90 Day Challenge and Spanish Listening Content

Last day of the 90 Day Challenge and I wanted to take this opportunity to list some of the great Spanish content I have found over the last three months.

When I started the 90 Day Challenge I was already studying fairly intensely, so I decided to step it up another level and set higher weekly goals. The biggest and most important step up was listening, and I wanted to push this up to 14 hours minimum and see if I could get it up to 21. I felt that it was a lack of listening that was holding me back in other areas. Now there seems to me a big difference between listening to half an hour a day and listening for several hours. Finding 30 minutes of interesting content a day is not too difficult. This is what I did initially, staying mostly with Notes in Spanish Advanced and Gold podcasts as well as Euronews news bulletins. Both of these have the advantage of coming with transcripts. However with the increased listening I needed much more content, and that is basically the most significant development that the 90 day challenge had on my language learning: an almost feverish hunt for new, interesting content. Each new discovery was in itself exciting and encouraged me to listen more and search out more. I want to list some of this content here as it will probably be useful for some people. In roughly chronological order throughout the 90 days:

Notes in Spanish

My starting point. Free podcasts, paid-for transcripts, different levels. These are useful mainly because they have that rare combination of advanced Spanish content, with transcripts, and genuinely interesting topics. The episodes where Marina interviews friends and family are particularly good.


Again good because you’ve got text and audio together. I am a news addict and for at least a few weeks I limited my news sources to Spanish language ones, and Euronews provided my breakfast news fix.

From here on though I gave up looking for the text+audio+interesting dream podcast. Even though listening with a text is very useful, I was not willing to sacrifice “level of interest” or Spanish-level, just to have transcripts. So here is when it started to get really interesting (for me):

El Podcast del Búho - Historia y Mitilogía.
Oh what a wonderful discovery! 74 episodes, 20-30min each, on topics ranging from the Battle of Hastings, through the Cuban Missile Crisis, Dracula, John Lennon and Ragnarok. But what’s really great about this podcast is it is put together by one guy, Jorge, who is clearly and audibly interested in the topics. His enthusiasm is what really carries this podcast. I have listened to most of them now, and can easily re-listen to them. Probably my favourite discovery.

La Biblioteca de Alejandria
Jorge’s podcast tipped me off about these podcasts. They are absurdly long (3-4 hours) and fortunately are also released in “shorter” 30m-1h podcasts as “El Pergamino de Alejandria”. These podcasts introduced me to the spanish concept of a tertulia, an informal gathering to discuss history, politics, science, the news at length. To anglo-saxon ears these seem quite anarchical, and an English equivalent is probably more likely to have a presenter, a stricter time-table, and be broken up by “features”. But for language-learners this is excellent stuff: it’s like you are eavesdropping on a very interesting all-night conversation. The conversation ebs and flows, sometimes you lose the thread, but soon it comes back to you. And all the time you are learning new things as well as practising listening.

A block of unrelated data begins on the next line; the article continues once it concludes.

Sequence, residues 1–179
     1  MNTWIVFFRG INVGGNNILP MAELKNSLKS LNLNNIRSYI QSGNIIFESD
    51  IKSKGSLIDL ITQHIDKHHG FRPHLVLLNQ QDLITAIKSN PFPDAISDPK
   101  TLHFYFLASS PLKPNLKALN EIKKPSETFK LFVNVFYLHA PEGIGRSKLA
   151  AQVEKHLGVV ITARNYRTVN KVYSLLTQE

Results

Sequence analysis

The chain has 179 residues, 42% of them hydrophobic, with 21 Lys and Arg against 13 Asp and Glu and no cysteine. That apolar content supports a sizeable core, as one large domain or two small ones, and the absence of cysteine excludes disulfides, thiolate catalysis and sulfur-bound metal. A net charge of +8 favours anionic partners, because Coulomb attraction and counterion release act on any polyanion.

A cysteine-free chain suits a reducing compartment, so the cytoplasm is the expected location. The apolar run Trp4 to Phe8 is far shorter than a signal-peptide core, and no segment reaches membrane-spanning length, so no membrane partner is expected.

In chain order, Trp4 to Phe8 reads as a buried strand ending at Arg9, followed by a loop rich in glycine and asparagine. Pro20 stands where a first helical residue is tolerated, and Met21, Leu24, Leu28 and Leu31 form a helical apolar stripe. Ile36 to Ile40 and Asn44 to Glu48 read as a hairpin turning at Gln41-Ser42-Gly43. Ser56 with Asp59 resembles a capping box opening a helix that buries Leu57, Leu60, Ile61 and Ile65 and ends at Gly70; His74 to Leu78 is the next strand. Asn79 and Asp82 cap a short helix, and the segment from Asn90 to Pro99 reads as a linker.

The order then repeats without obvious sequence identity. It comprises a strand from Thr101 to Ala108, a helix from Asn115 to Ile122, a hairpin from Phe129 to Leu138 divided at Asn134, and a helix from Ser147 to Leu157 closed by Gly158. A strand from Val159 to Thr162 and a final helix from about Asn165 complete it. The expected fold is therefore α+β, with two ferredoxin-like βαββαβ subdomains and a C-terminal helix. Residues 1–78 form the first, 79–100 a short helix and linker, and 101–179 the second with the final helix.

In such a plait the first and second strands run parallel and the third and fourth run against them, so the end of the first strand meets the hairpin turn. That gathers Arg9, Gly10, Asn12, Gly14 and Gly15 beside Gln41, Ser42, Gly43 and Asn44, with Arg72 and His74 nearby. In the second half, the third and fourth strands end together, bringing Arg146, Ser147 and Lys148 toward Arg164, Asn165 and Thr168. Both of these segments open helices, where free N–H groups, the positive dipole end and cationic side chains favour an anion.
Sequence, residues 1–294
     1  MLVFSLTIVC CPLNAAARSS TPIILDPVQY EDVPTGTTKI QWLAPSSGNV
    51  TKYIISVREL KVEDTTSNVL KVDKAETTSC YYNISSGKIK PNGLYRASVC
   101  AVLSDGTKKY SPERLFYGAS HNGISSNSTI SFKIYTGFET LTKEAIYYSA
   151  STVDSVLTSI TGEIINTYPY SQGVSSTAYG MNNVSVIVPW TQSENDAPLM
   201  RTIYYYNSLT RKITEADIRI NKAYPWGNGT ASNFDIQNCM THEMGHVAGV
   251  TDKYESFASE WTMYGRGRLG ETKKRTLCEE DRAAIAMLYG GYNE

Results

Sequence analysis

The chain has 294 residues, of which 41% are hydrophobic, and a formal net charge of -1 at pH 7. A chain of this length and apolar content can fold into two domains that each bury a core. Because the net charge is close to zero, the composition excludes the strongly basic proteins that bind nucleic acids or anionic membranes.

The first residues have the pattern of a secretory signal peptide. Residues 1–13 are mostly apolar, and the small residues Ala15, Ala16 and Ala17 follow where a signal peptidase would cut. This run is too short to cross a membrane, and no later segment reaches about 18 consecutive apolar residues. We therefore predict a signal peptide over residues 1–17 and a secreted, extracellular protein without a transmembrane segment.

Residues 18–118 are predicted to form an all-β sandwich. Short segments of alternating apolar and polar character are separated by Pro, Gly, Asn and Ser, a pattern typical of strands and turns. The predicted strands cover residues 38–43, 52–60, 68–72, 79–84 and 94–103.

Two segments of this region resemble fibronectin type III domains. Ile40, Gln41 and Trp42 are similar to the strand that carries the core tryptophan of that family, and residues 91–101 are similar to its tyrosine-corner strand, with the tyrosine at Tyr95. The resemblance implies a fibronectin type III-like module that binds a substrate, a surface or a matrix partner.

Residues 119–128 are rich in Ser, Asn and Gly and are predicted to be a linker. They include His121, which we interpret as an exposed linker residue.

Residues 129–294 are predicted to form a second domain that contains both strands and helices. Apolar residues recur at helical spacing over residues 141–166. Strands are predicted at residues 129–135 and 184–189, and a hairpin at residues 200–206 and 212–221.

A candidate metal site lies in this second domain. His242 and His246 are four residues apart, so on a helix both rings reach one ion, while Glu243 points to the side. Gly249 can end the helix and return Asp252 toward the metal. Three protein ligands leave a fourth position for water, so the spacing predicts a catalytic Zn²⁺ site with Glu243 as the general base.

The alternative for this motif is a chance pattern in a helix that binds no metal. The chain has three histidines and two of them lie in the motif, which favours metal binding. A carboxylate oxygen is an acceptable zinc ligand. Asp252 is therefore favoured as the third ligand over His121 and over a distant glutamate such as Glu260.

Alejandria is the longest and most chaotic of this kind of podcast. I quickly found others: La Biblioteca Perdida (labibliotecaperdida.blogspot.com) is mostly history, La Biblioteca de Trantor (labibliotecadetrantor.com/) is science fiction and fantasy, and La Rosa de Los Vientos (La rosa de los vientos | Podcasts en directo sobre historia e investigación | Onda Cero Radio) is a mix of history, science and politics, El Abrazo del Oso (www.elabrazodeloso.es/‎) covers a wide range of issues. Each has hours and hours in their back catalogue in which you are bound to find something interesting.

Radio Nacional de Espana
I was already aware of their Documentales before starting the 90 day challenge. I then found Cinco Continentes (a 30 wrapup of the week’s international news), Otros Acentos (where they talk to experts from different countries about topical issues) and Un Idioma Sin Fronteras (a literary magazine podcast). However one of the best discoveries from RNE was Nómadas. This is a travel programme from a different city or place each week. The presenters are entertaining, and the vocabulary (things to do, things to see, things to avoid) is pretty straightforward. Plus you learn a lot about the places they visit, could come in handy later!

Diana Uribe - La Historia del Mundo.
Search www.ivoox.com for Diana Uribe
What I was really looking for was a Spanish equivalent of some of the English mega-history projects (google any of these: The World At War, Ascent of Man, This Sceptred Isle, The History of the World in 100 Objects, the History of Rome Podcast). I love embarking on a big TV or radio series like these. So, enter Diana Uribe! A Colombian historian with a MASSIVE output, including 30-or-so episode long series of the history of Russia, France, England, Brazil, the First World War, Second World War and the Cold War. I am currently two thirds of the way through La Historia de Rusia. The best thing about her podcasts is her enthusiastic narration. She exaggerates (so you get pretty used to the Spanish superlative) but it makes for great radio!

Two more to mention: Cienciaes.com is a simple 10-15 min science podcast, which makes a change from some of the lengthy tertulias that I have listed above. Also I already knew about this podcast but thought I’d mention it here as it’s probably the highest quality Spanish podcast you’ll find on the internet: Radio Ambulante (radioambulante.org/en/‎) is Latin America’s response to This American Life: beautifully presented real life stories from Latin America, some of them completely heartbreaking. If you like This American Life you’ll love Radio Ambulante.